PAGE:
And then something happened. Ski resorts got cool. Instead of chintzy restaurants, up sprung pan-Asian eateries serving noodles and cocktails, and hip cafes where people gathered in throngs for cheap pizza and DJs. It shouldn’t work. But in LAAX it does. The resort is the freestyle capital of Europe and, let’s face it, cool skiers belong in cool eateries. The resort does still offer a wide range of traditional Swiss and regional restaurants, though.
Caffè NoName (+41 81 927 73 44) is one of the coolest on the hill. The concept is simple: a scruffily hip mountain hut where freestylers congregate to refuel on big bowls of soup, foot-long sarnies and coffee – its latte macchiato is considered to be the best of its kind above 2000 metres. Though the nosh, really, is secondary: it is the sun-trap terrace, with its cool tunes playing over the speakers and unrivalled views of the half-pipes and snowparks around Crap Sogn Gion, they come for. On any blue sky day, from 12pm to 4pm, you are guaranteed to see a crowd of people sitting on the wall checking out the pipe action below.
Located underneath the cable-car station at Crap Masegn, where piste bashers were once kept, Das Elephant is the place for long lunches – white tablecloths, sheepskins rugs thrown over the chairs, sweeping views of the surrounding peaks and divine food. You can expect fresh oysters daily and dishes like Argentinian entrecote with ratatouille risotto and pasta with Parmesan cheese, fresh truffle oil and Grappa brandy. During the summer of 1992, an elephant made a four-day guest appearance on the Crap Sogn Gion for a circus performance as part of the Crap Art cultural event.
Eating in a tipi at almost 2000m up the mountain is what you can do at La Vacca (+41 81 927 99 62), perched at the top of the bubble from Flims. This is a super-trendy steakhouse housed in a big, white (heated) tipi decked out with proper tables, a wood floor and cow-skin throws, where diners can choose their own steak before watching it being cooked on the central grill.
Of course there are several traditional mountain restaurants in Laax such as Ustria Startgels, run by the people behind Grandi’s, as well as a smattering of self-service restaurants. One of the best being Tegia Curnius (+41 81 927 99 30), with its lovely open terrace), but it’s the ones breaking the mould that are leading the way
At Capalari, tucked under the cable-car station at Crap Sogn Gion, people fill its terrace, a mix of tables and cream cube sofas, perfect for supping champagne. The restaurant focuses on regional food. Check out the fried Pizokels (Swiss dumplings), served with everything from pickled cabbage and bacon to raclette cheese and apple sauce.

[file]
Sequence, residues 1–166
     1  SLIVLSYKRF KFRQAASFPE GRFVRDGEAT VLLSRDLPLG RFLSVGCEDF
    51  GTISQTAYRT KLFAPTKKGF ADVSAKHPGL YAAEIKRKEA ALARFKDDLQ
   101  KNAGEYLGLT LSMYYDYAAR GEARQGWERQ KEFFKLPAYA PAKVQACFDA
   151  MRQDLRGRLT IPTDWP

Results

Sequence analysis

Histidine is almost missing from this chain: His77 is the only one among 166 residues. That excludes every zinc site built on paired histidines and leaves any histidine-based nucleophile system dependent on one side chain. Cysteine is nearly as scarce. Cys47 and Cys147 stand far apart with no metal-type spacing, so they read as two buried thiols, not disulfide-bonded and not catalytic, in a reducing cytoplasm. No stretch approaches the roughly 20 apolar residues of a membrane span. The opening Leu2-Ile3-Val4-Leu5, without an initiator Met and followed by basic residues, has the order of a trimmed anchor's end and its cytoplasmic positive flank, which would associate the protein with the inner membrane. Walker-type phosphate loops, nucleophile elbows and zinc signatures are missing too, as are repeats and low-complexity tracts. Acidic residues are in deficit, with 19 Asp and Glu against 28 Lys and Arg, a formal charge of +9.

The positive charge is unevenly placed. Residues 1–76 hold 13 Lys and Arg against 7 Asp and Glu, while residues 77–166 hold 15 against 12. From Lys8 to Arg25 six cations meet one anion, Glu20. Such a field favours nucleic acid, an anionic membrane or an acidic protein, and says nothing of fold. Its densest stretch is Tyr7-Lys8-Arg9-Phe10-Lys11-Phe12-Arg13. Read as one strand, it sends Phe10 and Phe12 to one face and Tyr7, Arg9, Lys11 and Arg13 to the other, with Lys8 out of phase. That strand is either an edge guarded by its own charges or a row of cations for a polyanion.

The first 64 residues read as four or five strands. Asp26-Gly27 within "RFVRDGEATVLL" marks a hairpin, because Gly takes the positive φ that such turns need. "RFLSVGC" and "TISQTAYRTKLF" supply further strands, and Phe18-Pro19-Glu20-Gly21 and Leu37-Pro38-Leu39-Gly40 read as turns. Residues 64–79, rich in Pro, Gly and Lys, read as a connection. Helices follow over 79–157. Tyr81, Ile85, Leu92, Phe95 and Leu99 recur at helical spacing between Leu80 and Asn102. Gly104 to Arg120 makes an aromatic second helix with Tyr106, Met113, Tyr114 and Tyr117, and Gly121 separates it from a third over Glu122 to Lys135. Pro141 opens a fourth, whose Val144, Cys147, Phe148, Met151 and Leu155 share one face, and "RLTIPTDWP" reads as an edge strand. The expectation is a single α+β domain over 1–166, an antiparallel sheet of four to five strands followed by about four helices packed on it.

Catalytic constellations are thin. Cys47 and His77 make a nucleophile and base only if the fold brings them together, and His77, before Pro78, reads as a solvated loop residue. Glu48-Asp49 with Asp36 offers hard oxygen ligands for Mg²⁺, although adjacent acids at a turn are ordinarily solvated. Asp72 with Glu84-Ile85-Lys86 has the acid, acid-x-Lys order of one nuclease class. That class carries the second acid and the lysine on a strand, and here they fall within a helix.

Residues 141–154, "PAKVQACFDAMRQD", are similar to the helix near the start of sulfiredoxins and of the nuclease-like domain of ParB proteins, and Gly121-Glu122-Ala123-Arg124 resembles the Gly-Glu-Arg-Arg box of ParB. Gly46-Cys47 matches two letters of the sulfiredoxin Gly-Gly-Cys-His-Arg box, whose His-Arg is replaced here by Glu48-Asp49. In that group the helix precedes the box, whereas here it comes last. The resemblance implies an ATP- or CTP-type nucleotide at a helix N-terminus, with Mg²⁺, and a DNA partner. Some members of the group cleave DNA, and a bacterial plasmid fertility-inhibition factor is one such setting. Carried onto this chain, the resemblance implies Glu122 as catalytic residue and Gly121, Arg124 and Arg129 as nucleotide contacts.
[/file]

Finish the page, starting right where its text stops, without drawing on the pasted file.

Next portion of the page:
From mid-afternoon there’s a young trendy crowd at Caffè NoName. Diners on Capalari’s terrace don’t seem to mind the loud music, and the kids don’t seem to notice that they have onlookers. But that, in many ways, sums up LAAX. Different crowds, different styles, that exist in harmony. Everyone really is happy.
Other places to try include Ustria Naraus, Segneshutte. The latter is one of the oldest mountain huts in the region and has overnight accommodation. Tegia Larnags is another gourmet choice.
Oodles of variety in town, too
Down in Laax itself, all the eatery-action is centred around rocksresort. The nine sugar-cube-shaped buildings house eight restaurants: in Nooba (+41 81 927 99 88), with its funky purple and green lighting, diners share tables with strangers – as they would in Asia – while munching on edamame beans, spicy Pad Thai and green curries. Meanwhile in Burgers they tuck into jumbo burgers, hot dogs and fries.
But here’s the twist: there is another side to Laax’s foodie scene. And it is all about fine dining in very fine settings, catering to Laax’s more mature clientele. Walk a few paces from Nooba and Burgers and you’re at Grandi’s Ustria da Vin. Ask the sommelier to help you choose a bottle of wine from the 1,200 different labels, showcased in sleek glass cabinets (it doubles as a wine shop), before taking a seat at one of the candlelit tables. The restaurant’s known for its grill specialities, whipped up by the landlord, Ueli, on the open beechwood fire, as well as its raclette (go for the bread and beef option).
Then there is Mulania, a Gault-Millau awarded restaurant (+41 81 927 91 91), tucked away in a renovated wooden stable away from rocksresort with no sign, and yet tables book up weeks in advance. This is the place for seafood lovers, with exotic-sounding dishes like wasabi prawn soup, pike with champagne sauce and herb potatoes, and seafood risotto with lobster foam.
Waldhaus Flims Alpine Grand Resort & Spa houses six restaurants. Top one is Restaurant Epoca which offers gourmet dining and has been awarded 17 Gault-Millau points. The others include Pizzeria Pomodoro (+41 81 911 1062) and Pizzeria La Dolce Vita (+41 81 928 1440) also in the Waldhaus end of Flims.
Las Caglias (+41 81 911 2949), also in Waldhaus, is cutting-edge architecturally and houses a Bohemian-style restaurant serving good food at reasonable prices. La Clav is recommended in Hotel Adula. Clavau Vegl (+41 81 911 3644) in Flims Dorf, is popular with the locals and renowned for its regional specialities. Da Nus (+41 79 587 11 33) in Flims serves Grisons specialities. In Laax, Romana (+41 81 921 5055) specialises in Balkan cuisine, and Riva (+41 81 921 5353) has good cheese dishes. Casa Seeli (+41 81 921 3048), in Falera, is praised.
Where to Party
On the mountain at LAAX the partying starts at Caffè NoName (+41 81 927 73 44), a scruffily hip mountain hut that offers good cheap soups and snacks, great coffee (the tastiest on the mountain, so we’re told), music and the best views of the half-pipes and snowparks around Crap Sogn Gion. Which is why it is considered the hangout for freestylers taking a break from the slopes. Live music is a speciality.
In fact, the apres-ski scene in LAAX explodes at the weekend when twenty- and thirty-somethings pour in from Zurich. A favourite is the Satellite Bar (+41 81 927 99 45 check), with a great range of drinks, good music and lots of atmosphere – it‘s particularly popular among boarders and freestylers. In rocksresort there’s Il Pup with a modern-rustic atmosphere. In Flims Dorf, Legna Bar (+41 81 927 99 75) is the main rendezvous. Living-Ruhm Flims is less frenetic. In Waldhaus Flims there are five different bars ranging from the relaxed Segnes Winebar (+41 81 911 30 92) to the Grand Bar for everything from aperitifs to after-dinner drinks accompanied by live music. But nothing can quite compare with the Riders Hotel, where the Lobby has laid-back indie music. There’s (loud) music at the downstairs Club from 5pm until around midnight, every night. At weekends, half of Zurich seems to be in there when there’s live music from 9pm to 4am.